Kate Douglas Wiggin (September 28, 1856 - August 24, 1923) was an American educator, author and composer. She wrote children's stories, most notably the classic children's novel Rebecca of Sunnybrook Farm, and composed collections of children's songs. She started the first free kindergarten in San Francisco in 1878 (the Silver Street Free Kindergarten). With her sister during the 1880s, she also established a training school for kindergarten teachers. Kate Wiggin devoted her adult life to the welfare of children in an era when children were commonly thought of as cheap labor.
Wiggin went to California to study kindergarten methods. She began to teach in San Francisco with her sister Nora assisting her, and the two were instrumental in the establishment of over 60 kindergartens for the poor in San Francisco and Oakland. She moved from California to New York, and having no kindergarten work on hand, devoted herself to literature. She sent The Story of Patsy and The Bird's Christmas Carol to Houghton, Mifflin & Co. who accepted them at once. Besides the talent for story-telling, she was a musician, sang well, and composed settings for her poems. She was also an excellent elocutionist. Her first literary work was Half a Dozen Housekeepers, a serial story which she sent to St. Nicholas. After the death of her husband in 1889, she returned to California to resume her kindergarten work, serving as the head of a Kindergarten Normal School. Some of her other works included Cathedral Courtship, A Summer in a Canon, Timothy's Quest, The Story Hour, Kindergarten Chimes, Polly Oliver's Problem, and Children's Rights.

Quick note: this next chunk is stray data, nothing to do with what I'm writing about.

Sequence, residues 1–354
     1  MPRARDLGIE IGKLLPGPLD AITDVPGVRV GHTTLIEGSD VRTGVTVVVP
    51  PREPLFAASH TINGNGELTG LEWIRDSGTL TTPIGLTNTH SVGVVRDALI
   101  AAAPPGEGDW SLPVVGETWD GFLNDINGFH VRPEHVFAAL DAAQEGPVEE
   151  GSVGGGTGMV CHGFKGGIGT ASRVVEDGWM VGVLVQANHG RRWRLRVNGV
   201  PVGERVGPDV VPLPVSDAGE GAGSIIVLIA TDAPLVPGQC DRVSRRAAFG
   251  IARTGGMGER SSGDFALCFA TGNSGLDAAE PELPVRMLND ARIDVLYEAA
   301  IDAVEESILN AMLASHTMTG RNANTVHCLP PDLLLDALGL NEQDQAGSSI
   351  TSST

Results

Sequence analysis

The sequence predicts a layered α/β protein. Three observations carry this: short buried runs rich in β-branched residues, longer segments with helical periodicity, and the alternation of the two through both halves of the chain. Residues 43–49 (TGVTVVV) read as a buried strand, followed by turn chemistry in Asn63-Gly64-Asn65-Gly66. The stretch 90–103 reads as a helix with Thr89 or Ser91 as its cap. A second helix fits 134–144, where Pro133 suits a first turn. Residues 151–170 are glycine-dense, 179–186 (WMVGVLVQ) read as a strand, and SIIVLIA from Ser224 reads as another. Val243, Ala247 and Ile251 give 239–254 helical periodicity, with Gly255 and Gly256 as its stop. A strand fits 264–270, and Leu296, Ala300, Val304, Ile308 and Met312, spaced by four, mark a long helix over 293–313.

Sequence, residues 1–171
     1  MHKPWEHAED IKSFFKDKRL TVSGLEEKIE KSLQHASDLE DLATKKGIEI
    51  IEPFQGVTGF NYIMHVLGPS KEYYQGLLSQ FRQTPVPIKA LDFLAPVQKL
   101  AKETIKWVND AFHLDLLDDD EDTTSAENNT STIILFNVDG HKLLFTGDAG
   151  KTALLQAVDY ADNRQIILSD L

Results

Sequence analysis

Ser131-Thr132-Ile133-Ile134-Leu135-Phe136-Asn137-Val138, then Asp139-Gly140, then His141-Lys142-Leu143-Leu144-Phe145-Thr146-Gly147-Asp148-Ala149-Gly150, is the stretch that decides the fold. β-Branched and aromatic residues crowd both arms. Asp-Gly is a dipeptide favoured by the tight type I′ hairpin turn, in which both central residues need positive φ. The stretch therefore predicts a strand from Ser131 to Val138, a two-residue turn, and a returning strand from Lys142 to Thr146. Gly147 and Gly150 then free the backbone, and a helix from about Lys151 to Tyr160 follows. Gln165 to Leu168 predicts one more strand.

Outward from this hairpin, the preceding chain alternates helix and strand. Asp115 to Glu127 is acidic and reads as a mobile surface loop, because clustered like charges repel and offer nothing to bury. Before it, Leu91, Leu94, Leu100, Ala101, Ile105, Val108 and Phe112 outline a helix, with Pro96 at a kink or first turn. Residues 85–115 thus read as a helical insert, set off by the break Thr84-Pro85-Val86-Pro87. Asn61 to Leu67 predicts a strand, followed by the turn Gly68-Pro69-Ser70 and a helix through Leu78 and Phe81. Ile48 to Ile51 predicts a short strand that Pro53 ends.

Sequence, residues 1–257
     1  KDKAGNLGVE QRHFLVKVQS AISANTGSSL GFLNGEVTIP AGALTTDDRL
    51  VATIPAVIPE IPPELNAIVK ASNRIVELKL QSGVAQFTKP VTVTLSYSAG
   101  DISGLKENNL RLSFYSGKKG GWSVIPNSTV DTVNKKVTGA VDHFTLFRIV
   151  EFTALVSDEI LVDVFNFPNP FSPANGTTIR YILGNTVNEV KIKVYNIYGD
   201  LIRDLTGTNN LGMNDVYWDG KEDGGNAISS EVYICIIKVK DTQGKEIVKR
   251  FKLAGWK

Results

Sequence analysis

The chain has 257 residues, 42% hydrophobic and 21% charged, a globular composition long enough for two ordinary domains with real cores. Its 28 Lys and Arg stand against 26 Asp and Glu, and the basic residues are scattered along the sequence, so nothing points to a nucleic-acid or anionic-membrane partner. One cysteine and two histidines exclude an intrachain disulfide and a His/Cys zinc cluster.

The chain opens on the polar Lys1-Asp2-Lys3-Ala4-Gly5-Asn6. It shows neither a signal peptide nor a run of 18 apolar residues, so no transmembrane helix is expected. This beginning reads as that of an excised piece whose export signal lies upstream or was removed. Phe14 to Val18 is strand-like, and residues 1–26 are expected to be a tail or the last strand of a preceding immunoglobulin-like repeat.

In the 1980s and 1990s, Wiggin's first husband's distant cousin, Eric E. Wiggin, published updated versions of some books in Kate Douglas Wiggin's Rebecca of Sunnybrook Farm series. He later published his own addition to the series, entitled, Rebecca Returns to Sunnybrook. Eric E. Wiggin extended Kate Douglas Wiggin's series after years of writing Christian literature, newspaper articles, and other children's books. Eric E. Wiggin's books sold best among his target audience of homeschoolers; with their help, his updated novels and his new addition to the series have sold more than 50,000 copies.
Many of Kate Douglas Wiggin's novels were made into movies. Perhaps the most famous film adaptation of her books is the 1938 film, which stars Shirley Temple. (wikipedia.org)